Thursday, December 30, 2010

Stop Gossip: A Resolution for the New Year

On September 23, 2010, Rev. Gordon MacRae marked sixteen years in a cell in the New Hampshire State Prison. Father MacRae is 57 years old. The crimes for which he was accused and convicted are claimed to have occurred when he was between 25 and 30 years old. Brought with no evidence or corroboration whatsoever, the claims were accompanied by lawsuits settled by his Diocese for hundreds of thousands of dollars despite evidence of fraud.

Given the compelling story he has to tell, inasmuch as I can, I read his musings written from his jail cell and published on a blog called These Stone Walls. In his posting dated today, December 29, 2010, he concludes with the following New Year's resolution.  I'd like to make it my own and invite those who publicly discuss the debacle of Fr. Marcial Maciel and the Legionaries of Christ about which I have written ("Driving Straight on Crooked Lines") to read the full text of Fr. MacRae's article the conclusion of which I transcribe below:

"A New Year’s resolution is an opportunity for personal renewal and self-improvement. The quality of mercy in our Church has suffered much during the scandals of the last two decades. As priests and as Catholics, we have a spiritual responsibility for self-assessment. And self-assessment is exactly what I must do after these experiences with Geraldine and my priests’ support group. All that I described above makes me wonder how many times I also unknowingly set into motion a snippet of rumor or innuendo masked as hard news. I’d like to think I wouldn’t hurt a person’s reputation intentionally, but like most people I can excuse a multitude of my own sins while holding others accountable.

So my own New Year’s resolution is to practice truth in justice, to try holding to a higher standard what reaches the ears of others through me. I cannot control what anyone else says or does, but I can pluck the plank out of my own eye before pointing to the splinters in someone else’s eye.

So I resolve in 2011 to make myself a better person by not setting into motion news based on rumor, innuendo, and half-truths. If I have news to tell, I will first check its truthfulness, and then check my motivation for passing it along. If I fail in this – as will we all – I further resolve to view my failure as a sin for which I must seek Sacramental forgiveness and absolution."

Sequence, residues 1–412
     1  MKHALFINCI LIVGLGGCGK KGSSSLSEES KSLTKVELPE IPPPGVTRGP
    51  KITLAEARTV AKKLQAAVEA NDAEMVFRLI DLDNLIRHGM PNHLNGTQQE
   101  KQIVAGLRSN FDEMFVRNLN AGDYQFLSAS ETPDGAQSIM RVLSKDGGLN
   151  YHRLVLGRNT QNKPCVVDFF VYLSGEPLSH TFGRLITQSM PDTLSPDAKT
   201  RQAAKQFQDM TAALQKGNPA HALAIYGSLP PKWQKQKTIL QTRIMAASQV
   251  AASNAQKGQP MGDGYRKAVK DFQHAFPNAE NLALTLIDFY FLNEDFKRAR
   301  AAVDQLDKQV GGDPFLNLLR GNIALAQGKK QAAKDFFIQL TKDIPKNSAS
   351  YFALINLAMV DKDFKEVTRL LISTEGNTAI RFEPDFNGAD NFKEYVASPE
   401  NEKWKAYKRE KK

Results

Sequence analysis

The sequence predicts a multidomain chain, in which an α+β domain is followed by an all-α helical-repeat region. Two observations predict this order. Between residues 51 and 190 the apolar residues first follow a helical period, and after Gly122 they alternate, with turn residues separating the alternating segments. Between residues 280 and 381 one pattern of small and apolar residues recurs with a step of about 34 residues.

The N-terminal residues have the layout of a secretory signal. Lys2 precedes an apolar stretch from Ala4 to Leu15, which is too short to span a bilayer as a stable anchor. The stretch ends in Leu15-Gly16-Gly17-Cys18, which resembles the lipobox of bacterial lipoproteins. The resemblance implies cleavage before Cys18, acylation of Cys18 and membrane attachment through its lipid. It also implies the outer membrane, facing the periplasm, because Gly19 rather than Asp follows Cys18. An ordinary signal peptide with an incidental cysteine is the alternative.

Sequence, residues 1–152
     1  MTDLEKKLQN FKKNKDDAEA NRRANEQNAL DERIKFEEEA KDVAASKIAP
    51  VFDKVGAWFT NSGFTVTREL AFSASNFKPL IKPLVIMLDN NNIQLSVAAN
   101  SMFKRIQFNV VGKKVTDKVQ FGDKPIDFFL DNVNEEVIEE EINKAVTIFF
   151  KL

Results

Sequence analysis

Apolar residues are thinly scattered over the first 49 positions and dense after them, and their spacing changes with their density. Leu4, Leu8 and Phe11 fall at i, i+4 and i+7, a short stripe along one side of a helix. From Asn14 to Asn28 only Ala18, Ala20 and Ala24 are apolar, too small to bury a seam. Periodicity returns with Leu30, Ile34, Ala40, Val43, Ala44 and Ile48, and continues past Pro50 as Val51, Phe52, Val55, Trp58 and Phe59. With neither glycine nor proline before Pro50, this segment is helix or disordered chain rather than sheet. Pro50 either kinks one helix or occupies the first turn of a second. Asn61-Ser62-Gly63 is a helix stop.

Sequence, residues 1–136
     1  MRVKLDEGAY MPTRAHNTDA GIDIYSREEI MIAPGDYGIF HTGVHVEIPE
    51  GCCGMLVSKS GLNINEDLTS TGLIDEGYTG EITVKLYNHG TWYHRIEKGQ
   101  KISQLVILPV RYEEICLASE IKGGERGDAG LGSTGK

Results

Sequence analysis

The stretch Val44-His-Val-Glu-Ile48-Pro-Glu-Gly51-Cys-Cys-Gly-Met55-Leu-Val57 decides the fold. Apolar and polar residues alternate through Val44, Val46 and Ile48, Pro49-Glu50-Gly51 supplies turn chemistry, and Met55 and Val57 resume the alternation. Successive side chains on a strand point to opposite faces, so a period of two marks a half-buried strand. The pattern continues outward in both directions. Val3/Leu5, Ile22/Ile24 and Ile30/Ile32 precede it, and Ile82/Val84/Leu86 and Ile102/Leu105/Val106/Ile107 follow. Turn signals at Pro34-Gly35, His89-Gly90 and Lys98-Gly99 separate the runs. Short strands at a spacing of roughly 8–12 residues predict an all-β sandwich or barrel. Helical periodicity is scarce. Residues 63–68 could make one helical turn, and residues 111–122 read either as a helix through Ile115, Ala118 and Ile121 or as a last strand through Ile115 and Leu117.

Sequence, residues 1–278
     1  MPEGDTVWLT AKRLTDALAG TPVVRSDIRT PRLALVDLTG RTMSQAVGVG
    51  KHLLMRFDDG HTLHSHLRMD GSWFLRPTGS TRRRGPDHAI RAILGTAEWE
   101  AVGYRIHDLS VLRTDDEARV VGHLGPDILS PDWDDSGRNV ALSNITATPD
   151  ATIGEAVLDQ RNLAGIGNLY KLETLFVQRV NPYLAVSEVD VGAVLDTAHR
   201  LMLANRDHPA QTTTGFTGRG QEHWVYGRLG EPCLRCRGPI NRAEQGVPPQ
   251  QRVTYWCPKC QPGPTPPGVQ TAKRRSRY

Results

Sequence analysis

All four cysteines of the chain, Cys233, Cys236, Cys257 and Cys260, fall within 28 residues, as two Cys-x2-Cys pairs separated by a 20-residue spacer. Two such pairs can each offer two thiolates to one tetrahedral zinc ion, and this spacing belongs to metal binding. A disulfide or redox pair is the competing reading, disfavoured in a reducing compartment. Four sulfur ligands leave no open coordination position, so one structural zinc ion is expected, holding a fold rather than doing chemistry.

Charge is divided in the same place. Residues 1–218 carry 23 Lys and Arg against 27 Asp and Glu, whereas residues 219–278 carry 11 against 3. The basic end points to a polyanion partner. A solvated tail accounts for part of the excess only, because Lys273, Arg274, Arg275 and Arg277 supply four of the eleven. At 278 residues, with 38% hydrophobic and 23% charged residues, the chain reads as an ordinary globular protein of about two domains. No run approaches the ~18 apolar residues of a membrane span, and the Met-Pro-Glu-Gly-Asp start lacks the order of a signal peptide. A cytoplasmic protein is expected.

Anonymous said...

While I agree with the impulse, and the importance of not accusing just men wrongly,and the sinfulness of so doing, I hope that this will not blunt your witness in this difficult situation where many of us are trying to discern the Truth. We need fair voices on the Web. The sins of speech are a very great temptation for many, and if the only alternative voices we hear are those that paint the picture black unremittingly and without mercy, we shall all be the worse for it. The Legion is incapable of allowing for open discussion on its sites, which is a great pity, because unless one does so, the air can never be cleared. However, this makes yours that maintains a fairness in attitude even more important.

If you want to let this go, however, I will understand and thank you for a job well done.

The Monk said...

Thanks for the comment. I agree with you - Fr. MacRae's message resonated with me because often I see comments about the LC that seem to be based on speculation and unsubstantiated gossip. Obviously, as I think you suggest, the LC does not help because they so often revert to a "Fortress Legion" mentality, creating the perception of denial. I understand how hard it must be for them - but their PR efforts leave a lot to be desired at least from a US perspective.

On the other hand, the naysayers seem to want to paint everything black. The truth is probably somewhere in the middle.